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Video instructions and help with filling out and completing Will Form 2220 Compute

Instructions and Help about Will Form 2220 Compute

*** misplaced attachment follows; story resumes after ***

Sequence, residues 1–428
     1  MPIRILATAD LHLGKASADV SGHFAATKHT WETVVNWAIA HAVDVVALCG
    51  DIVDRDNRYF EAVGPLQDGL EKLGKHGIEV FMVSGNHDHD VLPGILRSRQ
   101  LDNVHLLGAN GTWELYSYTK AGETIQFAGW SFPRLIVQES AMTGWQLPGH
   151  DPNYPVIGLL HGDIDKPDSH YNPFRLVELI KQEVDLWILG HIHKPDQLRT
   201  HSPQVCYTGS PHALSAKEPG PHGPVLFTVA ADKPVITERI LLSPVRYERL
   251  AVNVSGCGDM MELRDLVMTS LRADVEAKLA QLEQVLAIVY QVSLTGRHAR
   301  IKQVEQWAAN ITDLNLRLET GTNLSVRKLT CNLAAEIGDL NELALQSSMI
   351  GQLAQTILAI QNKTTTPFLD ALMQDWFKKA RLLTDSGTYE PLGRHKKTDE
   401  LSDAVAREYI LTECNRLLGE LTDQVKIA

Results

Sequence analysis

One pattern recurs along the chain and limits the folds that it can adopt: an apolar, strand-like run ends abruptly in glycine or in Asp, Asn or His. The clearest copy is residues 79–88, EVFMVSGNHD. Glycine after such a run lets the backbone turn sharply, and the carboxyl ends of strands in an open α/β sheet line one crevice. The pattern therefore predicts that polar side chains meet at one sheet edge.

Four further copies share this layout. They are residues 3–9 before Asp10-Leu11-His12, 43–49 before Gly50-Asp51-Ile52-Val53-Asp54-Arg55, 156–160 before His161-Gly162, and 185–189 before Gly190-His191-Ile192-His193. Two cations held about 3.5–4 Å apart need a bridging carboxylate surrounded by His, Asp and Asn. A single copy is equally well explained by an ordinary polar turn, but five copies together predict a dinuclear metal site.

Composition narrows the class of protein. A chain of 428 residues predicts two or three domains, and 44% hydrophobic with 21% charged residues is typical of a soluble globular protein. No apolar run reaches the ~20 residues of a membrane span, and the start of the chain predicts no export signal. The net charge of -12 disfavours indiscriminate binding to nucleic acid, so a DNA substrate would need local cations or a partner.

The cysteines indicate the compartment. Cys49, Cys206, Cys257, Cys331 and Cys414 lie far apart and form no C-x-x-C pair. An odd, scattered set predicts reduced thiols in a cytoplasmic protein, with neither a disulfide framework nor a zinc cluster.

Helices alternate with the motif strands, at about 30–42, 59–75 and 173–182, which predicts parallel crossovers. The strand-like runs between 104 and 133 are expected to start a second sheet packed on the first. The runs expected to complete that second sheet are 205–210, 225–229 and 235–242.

Hi, thanks for tuning into Singularity Prosperity. This video is the 11th in a multi-part series discussing computing. In this video, we'll be discussing what cognitive computing is, current cognitive computing initiatives, and the impact they will have on the field of computing. The human brain is truly an amazing machine, able to operate in parallel, malleable, and fault-tolerant. It has 100 billion neurons, with each neuron having 100 to 1000 synapses (connections to other neurons). This equates to 100 trillion up to 1 quadrillion synapses, all only requiring 20 watts of power and the space of 2 liters. As discussed in a previous video in this series about computing, the human brain is postulated to equate to 1 exaflop, or 1 billion calculations per second. Many initiatives aim to reach this exascale by 2020, with supercomputers around the world simulating the brain. These exascale systems will require approximately 1.5 million processors and over 1.6 petabytes of main high-speed memory, using megawatts per hour of power and taking up the space of entire buildings. In comparison, our brains only require 20 watts of power and the space of 2 liters, yet they still out these machines by orders of magnitude. The petaflop K supercomputer in Japan, running neural simulation technology (NEST) algorithms, requires roughly 3.68 years to simulate one day of brain activity, which is 1,700 times slower than the brain. Japan's post-K exaflop supercomputer aims to increase the speed to 310 times slower, simulating one day in the brain in 310 days. While these simulations will aid in unlocking secrets of the brain, the vast architecture differences between modern computers and biological brains limit the functionality of exascale systems. Every computer today is based on von Neumann architecture, with computation and memory fairly isolated and connected by a data...